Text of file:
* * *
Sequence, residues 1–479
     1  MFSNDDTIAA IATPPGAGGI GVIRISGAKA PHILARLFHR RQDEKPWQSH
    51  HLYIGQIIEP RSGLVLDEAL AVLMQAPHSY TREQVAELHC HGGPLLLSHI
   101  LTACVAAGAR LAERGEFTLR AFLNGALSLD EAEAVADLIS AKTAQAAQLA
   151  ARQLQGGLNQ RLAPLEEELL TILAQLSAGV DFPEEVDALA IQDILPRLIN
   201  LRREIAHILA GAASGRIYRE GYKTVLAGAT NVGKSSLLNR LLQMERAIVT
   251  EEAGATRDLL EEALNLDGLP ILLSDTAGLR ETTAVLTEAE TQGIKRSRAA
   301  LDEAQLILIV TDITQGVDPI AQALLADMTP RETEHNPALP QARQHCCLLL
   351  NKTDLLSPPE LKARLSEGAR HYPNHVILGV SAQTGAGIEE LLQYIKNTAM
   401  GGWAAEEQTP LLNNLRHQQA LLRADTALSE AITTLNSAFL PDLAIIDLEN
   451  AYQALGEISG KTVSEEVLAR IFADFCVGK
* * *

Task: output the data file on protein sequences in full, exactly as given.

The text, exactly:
Sequence, residues 1–479
     1  MFSNDDTIAA IATPPGAGGI GVIRISGAKA PHILARLFHR RQDEKPWQSH
    51  HLYIGQIIEP RSGLVLDEAL AVLMQAPHSY TREQVAELHC HGGPLLLSHI
   101  LTACVAAGAR LAERGEFTLR AFLNGALSLD EAEAVADLIS AKTAQAAQLA
   151  ARQLQGGLNQ RLAPLEEELL TILAQLSAGV DFPEEVDALA IQDILPRLIN
   201  LRREIAHILA GAASGRIYRE GYKTVLAGAT NVGKSSLLNR LLQMERAIVT
   251  EEAGATRDLL EEALNLDGLP ILLSDTAGLR ETTAVLTEAE TQGIKRSRAA
   301  LDEAQLILIV TDITQGVDPI AQALLADMTP RETEHNPALP QARQHCCLLL
   351  NKTDLLSPPE LKARLSEGAR HYPNHVILGV SAQTGAGIEE LLQYIKNTAM
   401  GGWAAEEQTP LLNNLRHQQA LLRADTALSE AITTLNSAFL PDLAIIDLEN
   451  AYQALGEISG KTVSEEVLAR IFADFCVGK